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FG Says IPPIS Has Helped Save N361 Billion Despite Opposition

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  • FG Says IPPIS Has Helped Save N361 Billion Despite Opposition

The Integrated Payroll and Personnel Information System (IPPIS) has helped saved more than N361 billion since it was implemented despite efforts to sabotage the new payment system, stated the Office of the Accountant-General of the Federation.

The media had reported that the April 2020 salaries of Nigerian Armed Forces personnel were delayed as a result of inexperience and incapability of the operators of the new payment system.

The OAGF, in a statement made available to journalists and signed by Mr Henshaw Ogubike, the Director, Information, Press and Public Relations, refuted the reports and explained that the delay in payment was as a result of the ongoing lockdown and not lack of knowledgeable experts.

The lockdown “led to late submission of variations by the agencies concerned and the need to accommodate their input in the April payroll accordingly”, the OAGF said.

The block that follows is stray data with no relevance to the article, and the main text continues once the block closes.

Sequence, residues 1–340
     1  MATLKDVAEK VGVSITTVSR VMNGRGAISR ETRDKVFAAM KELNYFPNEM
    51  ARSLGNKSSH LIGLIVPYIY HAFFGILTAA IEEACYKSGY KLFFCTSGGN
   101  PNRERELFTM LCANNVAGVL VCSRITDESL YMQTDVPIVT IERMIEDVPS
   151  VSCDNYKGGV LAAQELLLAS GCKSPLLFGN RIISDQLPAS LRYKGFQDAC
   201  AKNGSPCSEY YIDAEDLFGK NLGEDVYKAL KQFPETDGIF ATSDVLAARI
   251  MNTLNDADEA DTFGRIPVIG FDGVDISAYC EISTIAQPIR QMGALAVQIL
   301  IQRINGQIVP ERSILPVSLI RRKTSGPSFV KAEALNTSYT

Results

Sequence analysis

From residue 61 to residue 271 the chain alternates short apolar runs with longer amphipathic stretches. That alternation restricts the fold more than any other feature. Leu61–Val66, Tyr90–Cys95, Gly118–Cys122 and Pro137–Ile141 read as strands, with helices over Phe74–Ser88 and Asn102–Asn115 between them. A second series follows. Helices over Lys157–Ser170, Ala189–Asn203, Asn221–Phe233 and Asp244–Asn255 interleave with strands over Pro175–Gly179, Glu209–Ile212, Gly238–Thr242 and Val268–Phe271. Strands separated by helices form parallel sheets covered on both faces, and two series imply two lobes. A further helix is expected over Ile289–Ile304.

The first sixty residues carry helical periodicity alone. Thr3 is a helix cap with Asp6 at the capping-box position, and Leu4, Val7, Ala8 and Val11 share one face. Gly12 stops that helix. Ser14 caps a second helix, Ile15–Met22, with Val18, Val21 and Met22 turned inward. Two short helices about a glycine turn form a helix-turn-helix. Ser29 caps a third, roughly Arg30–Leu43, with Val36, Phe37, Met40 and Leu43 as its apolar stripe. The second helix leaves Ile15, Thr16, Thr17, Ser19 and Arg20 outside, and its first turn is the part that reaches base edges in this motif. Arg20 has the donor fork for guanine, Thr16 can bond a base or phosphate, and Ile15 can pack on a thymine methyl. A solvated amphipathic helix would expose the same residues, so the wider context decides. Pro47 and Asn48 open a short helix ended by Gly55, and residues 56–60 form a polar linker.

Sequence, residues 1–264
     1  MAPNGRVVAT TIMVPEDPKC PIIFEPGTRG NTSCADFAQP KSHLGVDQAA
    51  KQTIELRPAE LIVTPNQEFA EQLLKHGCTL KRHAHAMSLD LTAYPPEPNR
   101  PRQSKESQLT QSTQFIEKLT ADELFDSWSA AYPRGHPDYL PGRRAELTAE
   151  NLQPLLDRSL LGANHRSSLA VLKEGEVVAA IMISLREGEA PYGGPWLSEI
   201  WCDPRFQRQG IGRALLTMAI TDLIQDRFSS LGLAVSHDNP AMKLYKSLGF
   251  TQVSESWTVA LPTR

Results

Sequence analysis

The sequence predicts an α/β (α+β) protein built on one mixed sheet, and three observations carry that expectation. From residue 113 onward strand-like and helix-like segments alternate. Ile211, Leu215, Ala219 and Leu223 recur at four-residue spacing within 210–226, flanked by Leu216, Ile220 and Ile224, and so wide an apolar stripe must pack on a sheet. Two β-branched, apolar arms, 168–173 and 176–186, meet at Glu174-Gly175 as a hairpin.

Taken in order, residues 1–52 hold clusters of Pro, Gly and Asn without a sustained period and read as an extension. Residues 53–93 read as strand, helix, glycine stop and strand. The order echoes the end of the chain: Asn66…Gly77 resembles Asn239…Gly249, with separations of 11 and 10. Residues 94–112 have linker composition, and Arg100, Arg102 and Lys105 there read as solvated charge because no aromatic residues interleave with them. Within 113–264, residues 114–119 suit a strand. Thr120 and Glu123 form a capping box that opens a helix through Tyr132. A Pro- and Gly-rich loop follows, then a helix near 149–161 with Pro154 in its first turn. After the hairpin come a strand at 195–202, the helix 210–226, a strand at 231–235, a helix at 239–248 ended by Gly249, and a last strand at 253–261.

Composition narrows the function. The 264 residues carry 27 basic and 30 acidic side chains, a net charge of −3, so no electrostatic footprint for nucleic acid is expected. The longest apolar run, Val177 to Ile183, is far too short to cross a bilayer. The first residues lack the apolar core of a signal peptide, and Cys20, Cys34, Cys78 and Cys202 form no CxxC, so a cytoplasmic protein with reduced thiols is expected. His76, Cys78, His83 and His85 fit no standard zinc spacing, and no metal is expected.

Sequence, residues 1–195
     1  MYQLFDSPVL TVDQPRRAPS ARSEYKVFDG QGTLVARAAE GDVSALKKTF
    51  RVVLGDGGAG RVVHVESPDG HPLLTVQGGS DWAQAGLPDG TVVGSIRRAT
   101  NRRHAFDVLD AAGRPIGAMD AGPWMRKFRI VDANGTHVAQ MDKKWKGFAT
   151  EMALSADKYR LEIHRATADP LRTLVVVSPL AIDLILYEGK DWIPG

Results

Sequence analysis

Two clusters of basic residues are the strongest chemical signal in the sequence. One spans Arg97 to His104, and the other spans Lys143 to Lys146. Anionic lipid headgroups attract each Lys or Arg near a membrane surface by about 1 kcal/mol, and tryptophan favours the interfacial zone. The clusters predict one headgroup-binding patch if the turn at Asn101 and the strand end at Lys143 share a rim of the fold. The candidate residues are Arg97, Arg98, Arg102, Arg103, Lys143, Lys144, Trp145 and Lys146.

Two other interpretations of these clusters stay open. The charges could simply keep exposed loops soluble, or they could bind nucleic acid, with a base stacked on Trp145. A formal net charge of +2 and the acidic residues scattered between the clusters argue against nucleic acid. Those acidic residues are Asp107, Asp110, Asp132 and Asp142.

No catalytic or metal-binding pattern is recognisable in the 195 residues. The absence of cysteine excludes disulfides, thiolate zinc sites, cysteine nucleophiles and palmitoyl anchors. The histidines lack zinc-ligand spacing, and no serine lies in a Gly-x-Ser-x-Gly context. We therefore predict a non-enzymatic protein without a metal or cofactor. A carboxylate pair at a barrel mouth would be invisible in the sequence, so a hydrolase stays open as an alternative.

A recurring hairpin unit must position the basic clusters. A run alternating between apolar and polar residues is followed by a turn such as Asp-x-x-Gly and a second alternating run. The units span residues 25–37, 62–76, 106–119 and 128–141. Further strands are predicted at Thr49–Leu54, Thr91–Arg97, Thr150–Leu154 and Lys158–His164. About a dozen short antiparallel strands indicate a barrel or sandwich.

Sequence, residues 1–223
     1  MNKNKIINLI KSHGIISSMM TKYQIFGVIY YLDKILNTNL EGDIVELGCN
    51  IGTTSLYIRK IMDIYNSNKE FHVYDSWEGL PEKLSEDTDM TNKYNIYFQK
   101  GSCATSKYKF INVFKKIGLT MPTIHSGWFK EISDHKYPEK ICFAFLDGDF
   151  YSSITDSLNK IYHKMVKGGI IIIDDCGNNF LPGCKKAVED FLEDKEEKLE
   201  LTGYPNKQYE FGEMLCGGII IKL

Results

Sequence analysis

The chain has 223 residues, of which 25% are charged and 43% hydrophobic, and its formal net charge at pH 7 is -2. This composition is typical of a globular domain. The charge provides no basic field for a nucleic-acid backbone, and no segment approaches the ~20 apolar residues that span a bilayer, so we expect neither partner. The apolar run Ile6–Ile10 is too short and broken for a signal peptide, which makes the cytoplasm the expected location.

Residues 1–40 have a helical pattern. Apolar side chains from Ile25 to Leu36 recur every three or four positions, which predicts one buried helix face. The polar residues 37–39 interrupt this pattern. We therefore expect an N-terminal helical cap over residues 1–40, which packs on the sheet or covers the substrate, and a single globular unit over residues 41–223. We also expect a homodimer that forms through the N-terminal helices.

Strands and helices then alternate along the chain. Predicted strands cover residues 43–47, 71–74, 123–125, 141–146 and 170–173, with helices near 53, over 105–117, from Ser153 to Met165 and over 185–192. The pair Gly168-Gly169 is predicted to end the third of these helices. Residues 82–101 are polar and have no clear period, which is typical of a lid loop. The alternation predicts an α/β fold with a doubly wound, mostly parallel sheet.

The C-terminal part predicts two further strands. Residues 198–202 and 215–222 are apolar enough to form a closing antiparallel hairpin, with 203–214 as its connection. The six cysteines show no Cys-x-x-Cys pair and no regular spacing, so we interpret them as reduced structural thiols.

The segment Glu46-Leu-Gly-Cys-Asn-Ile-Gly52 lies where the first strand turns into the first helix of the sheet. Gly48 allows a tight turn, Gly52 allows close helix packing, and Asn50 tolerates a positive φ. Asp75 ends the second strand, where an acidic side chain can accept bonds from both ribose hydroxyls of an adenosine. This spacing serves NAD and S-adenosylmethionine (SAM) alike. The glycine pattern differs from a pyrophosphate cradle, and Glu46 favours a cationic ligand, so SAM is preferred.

Faulting the reports, the statement said, “Suffice it to state that the staff of the OAGF and the IPPIS are competent professionals who have demonstrated the will and capacity to get the job done in line with the presidential directives, despite distractions and opposition from some quarters whose objective is to sabotage the government policy that has saved the nation over N361bn.”

In the statement, the OAGF disclosed that the Federal Government had disbursed the April 2020 salaries of Armed Forces in the country.

The IPPIS department also confirmed that the salaries of Armed Forces personnel had been paid as of May 8, 2020.

“According to the IPPIS office, the delay in the salary payment was due to the unexpected lockdown in the country.

“This explanation became necessary in view of a report which alleged that the April 2020 salaries of military and paramilitary personnel were delayed as a result of incapability and inexperience of the operators of the IPPIS.

“As mentioned in the report, officials of the IPPIS had given assurances that the salaries would be paid between 4th and 8th May.

“This was promptly carried out as noted earlier,” the statement said.

CEO/Founder Investors King Ltd, a foreign exchange research analyst, contributing author on New York-based Talk Markets and Investing.com, with over a decade experience in the global financial markets.